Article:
Worker Prosperity in the U.S. and Abroad


Which countries have the most prosperous workers in the world? Where do companies pay the highest salaries? It depends on how you look at the numbers.

One way is to take the total wage bill in each country and divide it by the number of employees in the total economy. That gives you the chart below, which shows the U.S. leading the world with average salaries in the $70,000 range.

The trouble with that statistic is that it includes both minimum wage Americans who earn a few tens of thousands of dollars a year and American CEOs, who are vastly overpaid compared with their counterparts pretty much everywhere else. (Salary.com lists the median CEO salary as $777,000, and other top executives in Corporate America are similarly compensated.) America is the only country in the world where the average company’s chief executive is paid 351 times as much as the typical worker.

Another way to look at comparative salaries is to calculate the average after-tax take-home pay in different countries. By this measure, Switzerland comes out on top, with an average salary of $85,718 and, because of a minuscule tax bite, an average take-home income of $84,006. The U.S. ranks second in take-home pay ($52,344), ahead of Australia ($46,781) and Ireland ($42,322). As you can see from the chart, the people in Denmark, Sweden, and the Netherlands all pay half their salary in one kind of tax or another.

But once again, this is averaging in the rich and the poor, which skews the American numbers because the disparity is so high. What if, instead, we look at the median income—where, if we put everybody’s annual salary in a long list, we select the wage-earner in the exact center? Wouldn’t that be a fairer assessment of each country’s prosperity?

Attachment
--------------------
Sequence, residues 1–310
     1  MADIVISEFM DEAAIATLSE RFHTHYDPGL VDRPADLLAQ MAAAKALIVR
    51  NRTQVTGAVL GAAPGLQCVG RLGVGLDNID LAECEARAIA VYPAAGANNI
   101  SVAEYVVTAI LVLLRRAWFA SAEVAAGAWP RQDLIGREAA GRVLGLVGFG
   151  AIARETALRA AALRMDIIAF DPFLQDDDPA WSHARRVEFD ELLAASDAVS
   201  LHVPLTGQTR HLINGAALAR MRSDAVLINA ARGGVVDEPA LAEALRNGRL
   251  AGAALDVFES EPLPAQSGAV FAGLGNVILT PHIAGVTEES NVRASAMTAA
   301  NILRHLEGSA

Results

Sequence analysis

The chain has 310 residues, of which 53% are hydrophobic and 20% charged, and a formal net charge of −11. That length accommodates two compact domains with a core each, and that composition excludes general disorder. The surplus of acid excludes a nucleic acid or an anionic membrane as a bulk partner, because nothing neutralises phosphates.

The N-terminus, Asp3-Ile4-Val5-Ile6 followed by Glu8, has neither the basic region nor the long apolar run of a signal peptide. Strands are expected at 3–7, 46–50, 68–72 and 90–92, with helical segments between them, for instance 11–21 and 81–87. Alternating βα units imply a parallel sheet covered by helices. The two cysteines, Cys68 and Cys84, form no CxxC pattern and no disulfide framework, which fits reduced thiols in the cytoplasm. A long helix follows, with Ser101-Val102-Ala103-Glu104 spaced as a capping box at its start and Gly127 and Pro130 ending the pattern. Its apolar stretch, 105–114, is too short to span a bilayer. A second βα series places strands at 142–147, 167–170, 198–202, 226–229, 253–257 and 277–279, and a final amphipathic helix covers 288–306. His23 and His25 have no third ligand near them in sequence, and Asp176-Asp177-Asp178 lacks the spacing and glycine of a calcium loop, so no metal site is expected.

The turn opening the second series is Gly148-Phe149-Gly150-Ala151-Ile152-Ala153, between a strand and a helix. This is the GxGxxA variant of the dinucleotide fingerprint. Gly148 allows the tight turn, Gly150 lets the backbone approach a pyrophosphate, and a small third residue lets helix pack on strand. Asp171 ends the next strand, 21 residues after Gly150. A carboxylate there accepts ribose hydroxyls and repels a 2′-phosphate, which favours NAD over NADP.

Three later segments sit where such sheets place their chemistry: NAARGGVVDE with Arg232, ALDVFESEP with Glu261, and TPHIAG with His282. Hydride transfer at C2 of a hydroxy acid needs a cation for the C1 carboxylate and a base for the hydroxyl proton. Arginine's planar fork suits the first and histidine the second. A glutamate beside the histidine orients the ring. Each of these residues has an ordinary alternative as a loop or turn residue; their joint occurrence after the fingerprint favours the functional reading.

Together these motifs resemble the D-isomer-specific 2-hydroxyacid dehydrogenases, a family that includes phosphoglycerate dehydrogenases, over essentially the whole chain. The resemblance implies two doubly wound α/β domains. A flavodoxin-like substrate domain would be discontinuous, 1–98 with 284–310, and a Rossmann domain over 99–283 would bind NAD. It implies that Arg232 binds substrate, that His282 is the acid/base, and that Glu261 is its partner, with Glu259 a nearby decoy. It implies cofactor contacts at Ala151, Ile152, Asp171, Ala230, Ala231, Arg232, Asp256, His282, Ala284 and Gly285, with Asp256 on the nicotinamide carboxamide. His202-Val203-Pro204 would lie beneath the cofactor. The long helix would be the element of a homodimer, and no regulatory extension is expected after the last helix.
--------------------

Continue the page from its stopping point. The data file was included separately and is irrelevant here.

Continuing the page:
By this measure, Luxembourg leads the world with a median income of $52,493, followed by Norway’s $51,489, Sweden’s $50,514, and Australia’s $45,555. The United States comes in sixth in the ranking ($43,585), right behind Denmark ($44,360) and one notch above Canada ($41,280). South Korea ($40,861), Kuwait ($40,854), and the Netherlands ($39,584) round out the top ten. At the other end of the list, the median Mexican worker earns just $2,900 a year, below Lebanon, Serbia, Iran, Montenegro, and Ukraine. (The average of all the global medians is $8,575 a year.)

Is there anything missing from this picture? Americans are among the highest paid workers in the world, but they also tend to work longer hours and get less time off from their jobs than workers in other nations. Based on statistics compiled by the International Labour Organization, the typical American wage earner will work 137 more hours per year than Japanese workers, 260 more hours per year than British workers, and 499 more hours per year than their French counterparts. And the U.S. remains the only industrialized country in the world that has no legally-mandated paid annual leave or paid parental leave benefits. Workers in most countries get at least 20 paid vacation days (30 in France and Finland). A recent graph shows the disparity between U.S. policy toward taking paid time off vs. those of other developed nations.

So you could argue, with statistics to back you up, that America is the most prosperous—or at least one of the most prosperous—nations on the planet. But you also might discover that workers in other countries, despite lower median salaries, wouldn’t volunteer to trade places.

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